On a Saturday noon in late October 1904 the first issue of the newspaper BZ am Mittag appeared in Berlin. The front page was filled with articles reporting on the Russian-Japanese War and the subsequent storming of Port Arthur. The BZ was a true novelty on the Berlin newspaper market. The publisher Ullstein Verlag believed there was a market share to be gained by launching a ”Mittagszeitung” keeping the public updated with the latest news during lunch hours. Consequently the BZ had to be edited and printed rapidly. Soon the paper boasted itself as the quickest newspaper in the world completely relying on news provided by modern technologies as telephones and telegraphs. Yet in terms of distribution the launching of the BZ was also remarkable since the newspaper depended on sales of individual copies only. As Peter de Mendelssohn put it in his seminal book Zeitungsstadt Berlin distribution itself became a trademark of the BZ. One could not subscribe to the BZ, the idea was instead to deliver it en masse onto the streets of Berlin. Each issue was to be personally sold to whoever wanted to obtain a copy. Hence, the distributional strategy of the Ullstein Verlag was to use hordes of young men and boys taking of into different city directions shouting: ”Bezett am Mittag”, ”Bezett”, ”Bezett”. The paper was, thus, literally brought on the market. The typical roll call for the BZ soon became an auditative trademark of modern Berlin accentuating the rapid pace and the urban tempo of the Reichshauptstadt.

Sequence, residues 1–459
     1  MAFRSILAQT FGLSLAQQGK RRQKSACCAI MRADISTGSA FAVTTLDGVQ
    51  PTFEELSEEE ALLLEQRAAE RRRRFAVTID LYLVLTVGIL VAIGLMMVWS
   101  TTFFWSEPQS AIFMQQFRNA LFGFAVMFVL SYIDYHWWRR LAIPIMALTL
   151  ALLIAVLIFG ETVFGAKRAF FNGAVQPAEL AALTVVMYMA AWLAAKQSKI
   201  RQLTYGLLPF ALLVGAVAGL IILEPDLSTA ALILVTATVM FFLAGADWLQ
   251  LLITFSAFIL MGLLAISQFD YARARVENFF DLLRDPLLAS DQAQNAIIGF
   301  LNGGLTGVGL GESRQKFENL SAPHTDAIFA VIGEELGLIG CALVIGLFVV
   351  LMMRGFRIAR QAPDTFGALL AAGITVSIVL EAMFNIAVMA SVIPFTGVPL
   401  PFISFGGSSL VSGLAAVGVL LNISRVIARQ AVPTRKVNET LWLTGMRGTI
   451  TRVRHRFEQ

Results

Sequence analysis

Artikeln ingår i Networks of entertainment – early film distribution 1895-1915 (2007)
Redaktörer: Frank Kessler & Nanna Verhoeff
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